February 8, 1990
Last night Frances suddenly developed pain in her knee and could hardly walk. We decided to call a doctor; but how? The telephone book has five full pages of different medical facilities: clinics, polyclinics, medical practices, hospitals, emergency services, nurses stations, local health centers, and neighborhood medical offices. If they all exist, the health services must be terrific and/or very bureaucratic. I call the nearest “medical practice” and ask if they make house calls. For what reason, I am asked. I say that we live on the fifth floor and my wife can hardly get from one room to another. The nurse says that we should call the emergency service. I demur, but then call, explain, say that it’s not urgent. No matter, we’ll be glad to come. When? Within two hours, depending on what other calls we get. I’m astonished, and even more so when, in about an hour, a young doctor with an emergency service shoulder patch and a substantial bag arrives and climbs the four flights of stairs to our apartment. She examines Frances carefully and thoroughly, writes out three prescriptions, and explains their purpose and how to use them. She answers our questions clearly and competently before leaving. Never a question of who we are, where we’re from, are we covered, will we pay.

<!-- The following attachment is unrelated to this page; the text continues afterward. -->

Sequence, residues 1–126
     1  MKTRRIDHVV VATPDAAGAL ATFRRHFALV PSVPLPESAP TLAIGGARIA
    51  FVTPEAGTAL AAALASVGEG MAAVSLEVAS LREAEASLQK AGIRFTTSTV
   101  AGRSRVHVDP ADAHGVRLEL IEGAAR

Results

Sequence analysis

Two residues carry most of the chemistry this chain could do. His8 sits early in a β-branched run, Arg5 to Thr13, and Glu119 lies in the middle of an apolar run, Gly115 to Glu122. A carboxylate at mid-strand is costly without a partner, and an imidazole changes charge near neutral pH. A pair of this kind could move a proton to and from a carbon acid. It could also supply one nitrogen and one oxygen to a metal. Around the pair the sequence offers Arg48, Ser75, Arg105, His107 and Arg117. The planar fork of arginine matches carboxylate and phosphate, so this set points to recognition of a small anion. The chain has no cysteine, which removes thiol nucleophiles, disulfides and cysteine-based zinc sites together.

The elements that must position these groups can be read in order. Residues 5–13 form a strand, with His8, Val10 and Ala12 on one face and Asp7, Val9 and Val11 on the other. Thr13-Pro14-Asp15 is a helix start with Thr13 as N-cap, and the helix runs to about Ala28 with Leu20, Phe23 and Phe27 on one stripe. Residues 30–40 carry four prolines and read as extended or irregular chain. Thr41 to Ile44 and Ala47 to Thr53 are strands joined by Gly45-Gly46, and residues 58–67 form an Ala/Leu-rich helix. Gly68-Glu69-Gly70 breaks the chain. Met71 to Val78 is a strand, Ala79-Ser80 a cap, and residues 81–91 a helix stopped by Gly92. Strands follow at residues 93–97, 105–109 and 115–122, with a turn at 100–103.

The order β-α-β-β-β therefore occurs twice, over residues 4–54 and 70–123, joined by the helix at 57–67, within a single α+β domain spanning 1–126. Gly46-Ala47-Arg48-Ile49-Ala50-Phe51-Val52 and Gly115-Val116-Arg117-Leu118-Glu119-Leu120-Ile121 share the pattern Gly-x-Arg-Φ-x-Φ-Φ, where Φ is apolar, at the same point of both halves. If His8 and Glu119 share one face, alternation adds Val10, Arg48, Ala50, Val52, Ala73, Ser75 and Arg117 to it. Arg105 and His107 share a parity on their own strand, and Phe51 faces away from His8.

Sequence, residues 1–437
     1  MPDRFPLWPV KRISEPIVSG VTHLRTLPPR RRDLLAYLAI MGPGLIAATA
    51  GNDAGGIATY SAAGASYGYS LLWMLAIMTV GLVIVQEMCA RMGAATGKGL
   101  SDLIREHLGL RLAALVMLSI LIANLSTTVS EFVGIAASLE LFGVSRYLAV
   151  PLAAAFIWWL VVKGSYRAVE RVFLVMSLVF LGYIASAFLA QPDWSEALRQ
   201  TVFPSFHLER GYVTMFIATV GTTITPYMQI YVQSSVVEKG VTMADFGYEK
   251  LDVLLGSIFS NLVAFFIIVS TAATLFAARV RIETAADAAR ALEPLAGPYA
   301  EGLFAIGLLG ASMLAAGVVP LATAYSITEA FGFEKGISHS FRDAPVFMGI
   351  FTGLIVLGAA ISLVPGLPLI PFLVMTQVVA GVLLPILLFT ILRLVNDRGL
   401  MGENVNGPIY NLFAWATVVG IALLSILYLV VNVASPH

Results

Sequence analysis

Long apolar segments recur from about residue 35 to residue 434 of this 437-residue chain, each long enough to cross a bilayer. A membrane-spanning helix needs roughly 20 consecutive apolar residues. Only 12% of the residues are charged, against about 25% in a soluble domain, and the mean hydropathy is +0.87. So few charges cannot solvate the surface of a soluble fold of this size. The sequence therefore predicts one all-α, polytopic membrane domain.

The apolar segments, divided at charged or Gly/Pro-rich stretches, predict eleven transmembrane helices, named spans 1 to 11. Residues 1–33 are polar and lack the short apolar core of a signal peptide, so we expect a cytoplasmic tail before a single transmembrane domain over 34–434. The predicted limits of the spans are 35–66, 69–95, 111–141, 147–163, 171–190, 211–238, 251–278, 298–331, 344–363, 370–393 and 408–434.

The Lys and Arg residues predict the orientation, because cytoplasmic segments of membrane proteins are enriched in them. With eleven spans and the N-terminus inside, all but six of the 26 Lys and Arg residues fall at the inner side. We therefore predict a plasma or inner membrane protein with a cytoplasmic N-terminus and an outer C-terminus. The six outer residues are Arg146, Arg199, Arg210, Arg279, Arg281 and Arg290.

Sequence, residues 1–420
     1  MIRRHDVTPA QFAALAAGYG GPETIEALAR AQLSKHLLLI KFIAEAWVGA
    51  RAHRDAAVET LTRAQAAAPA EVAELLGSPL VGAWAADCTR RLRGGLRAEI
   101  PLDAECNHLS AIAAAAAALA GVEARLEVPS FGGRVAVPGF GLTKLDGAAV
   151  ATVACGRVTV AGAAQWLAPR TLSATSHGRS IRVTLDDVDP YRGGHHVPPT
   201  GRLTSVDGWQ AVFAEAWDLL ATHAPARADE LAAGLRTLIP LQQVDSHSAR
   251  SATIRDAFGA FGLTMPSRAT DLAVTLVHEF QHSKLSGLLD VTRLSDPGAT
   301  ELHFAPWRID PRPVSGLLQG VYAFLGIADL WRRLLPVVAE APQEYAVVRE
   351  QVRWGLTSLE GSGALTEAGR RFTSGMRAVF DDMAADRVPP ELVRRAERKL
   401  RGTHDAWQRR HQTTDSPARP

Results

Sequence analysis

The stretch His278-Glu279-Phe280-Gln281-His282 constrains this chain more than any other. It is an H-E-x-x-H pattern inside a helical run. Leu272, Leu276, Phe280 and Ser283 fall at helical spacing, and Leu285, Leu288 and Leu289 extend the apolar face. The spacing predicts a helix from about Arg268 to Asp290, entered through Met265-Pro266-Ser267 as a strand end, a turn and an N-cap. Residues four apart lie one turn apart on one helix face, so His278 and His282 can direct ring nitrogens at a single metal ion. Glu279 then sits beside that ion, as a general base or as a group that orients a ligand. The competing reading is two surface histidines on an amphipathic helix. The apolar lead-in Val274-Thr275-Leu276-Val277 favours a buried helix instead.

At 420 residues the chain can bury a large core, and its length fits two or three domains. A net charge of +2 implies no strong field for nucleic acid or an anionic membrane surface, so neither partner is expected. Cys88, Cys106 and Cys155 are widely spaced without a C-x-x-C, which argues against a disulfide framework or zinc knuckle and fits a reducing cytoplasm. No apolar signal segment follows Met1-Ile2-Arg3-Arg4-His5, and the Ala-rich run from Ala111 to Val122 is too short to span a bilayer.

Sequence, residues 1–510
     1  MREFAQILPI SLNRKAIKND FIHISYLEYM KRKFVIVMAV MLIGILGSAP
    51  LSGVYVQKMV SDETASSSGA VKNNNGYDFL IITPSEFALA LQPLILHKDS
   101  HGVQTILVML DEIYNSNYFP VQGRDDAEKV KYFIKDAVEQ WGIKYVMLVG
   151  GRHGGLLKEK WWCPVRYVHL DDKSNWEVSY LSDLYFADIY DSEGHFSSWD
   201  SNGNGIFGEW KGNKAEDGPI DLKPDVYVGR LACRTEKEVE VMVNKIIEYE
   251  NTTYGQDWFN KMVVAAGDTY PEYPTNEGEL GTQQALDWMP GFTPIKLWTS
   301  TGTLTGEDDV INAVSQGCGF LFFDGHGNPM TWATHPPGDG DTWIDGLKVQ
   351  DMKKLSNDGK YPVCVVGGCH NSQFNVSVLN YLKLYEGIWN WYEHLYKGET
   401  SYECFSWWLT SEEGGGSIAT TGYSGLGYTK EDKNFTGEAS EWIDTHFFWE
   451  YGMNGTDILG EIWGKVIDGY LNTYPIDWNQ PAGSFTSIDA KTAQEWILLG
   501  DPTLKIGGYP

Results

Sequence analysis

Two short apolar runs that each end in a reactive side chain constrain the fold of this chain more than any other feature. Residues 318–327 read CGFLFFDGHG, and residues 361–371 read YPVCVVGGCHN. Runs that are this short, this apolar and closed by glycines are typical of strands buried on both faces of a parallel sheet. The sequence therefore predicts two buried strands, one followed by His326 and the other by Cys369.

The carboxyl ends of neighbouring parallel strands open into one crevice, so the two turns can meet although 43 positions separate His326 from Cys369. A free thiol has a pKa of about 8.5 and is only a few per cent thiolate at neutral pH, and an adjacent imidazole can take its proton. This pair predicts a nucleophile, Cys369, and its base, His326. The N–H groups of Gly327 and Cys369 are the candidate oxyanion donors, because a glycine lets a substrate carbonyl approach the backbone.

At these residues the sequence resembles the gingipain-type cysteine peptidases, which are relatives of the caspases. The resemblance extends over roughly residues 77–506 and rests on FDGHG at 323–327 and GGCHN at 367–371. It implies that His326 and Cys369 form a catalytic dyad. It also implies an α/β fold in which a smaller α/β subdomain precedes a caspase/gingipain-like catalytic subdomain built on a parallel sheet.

I take the prescriptions to the pharmacy up the street. The pharmacist gets the three medications out of different drawers. As she hands them to me, I am not sure if I have to pay or at least show my passport and identify myself, but she has already turned away to do something else. Hardly a bureaucratic procedure!
Source: Missing Marx by Peter Marcuse